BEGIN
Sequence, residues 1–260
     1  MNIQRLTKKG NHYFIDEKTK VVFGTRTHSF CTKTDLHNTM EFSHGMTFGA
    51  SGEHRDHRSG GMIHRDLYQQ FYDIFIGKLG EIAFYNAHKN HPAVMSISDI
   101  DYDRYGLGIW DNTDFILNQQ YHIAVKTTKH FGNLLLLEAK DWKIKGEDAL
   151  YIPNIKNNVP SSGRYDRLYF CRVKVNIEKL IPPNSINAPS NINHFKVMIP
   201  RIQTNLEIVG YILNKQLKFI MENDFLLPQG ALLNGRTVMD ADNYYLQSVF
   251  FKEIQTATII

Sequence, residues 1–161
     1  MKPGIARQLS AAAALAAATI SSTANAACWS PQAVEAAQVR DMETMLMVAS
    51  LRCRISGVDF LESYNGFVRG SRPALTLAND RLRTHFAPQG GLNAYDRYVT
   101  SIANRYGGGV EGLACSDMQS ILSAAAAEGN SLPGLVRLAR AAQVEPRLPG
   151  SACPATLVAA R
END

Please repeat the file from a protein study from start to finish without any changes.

Sequence, residues 1–260
     1  MNIQRLTKKG NHYFIDEKTK VVFGTRTHSF CTKTDLHNTM EFSHGMTFGA
    51  SGEHRDHRSG GMIHRDLYQQ FYDIFIGKLG EIAFYNAHKN HPAVMSISDI
   101  DYDRYGLGIW DNTDFILNQQ YHIAVKTTKH FGNLLLLEAK DWKIKGEDAL
   151  YIPNIKNNVP SSGRYDRLYF CRVKVNIEKL IPPNSINAPS NINHFKVMIP
   201  RIQTNLEIVG YILNKQLKFI MENDFLLPQG ALLNGRTVMD ADNYYLQSVF
   251  FKEIQTATII

Sequence, residues 1–161
     1  MKPGIARQLS AAAALAAATI SSTANAACWS PQAVEAAQVR DMETMLMVAS
    51  LRCRISGVDF LESYNGFVRG SRPALTLAND RLRTHFAPQG GLNAYDRYVT
   101  SIANRYGGGV EGLACSDMQS ILSAAAAEGN SLPGLVRLAR AAQVEPRLPG
   151  SACPATLVAA R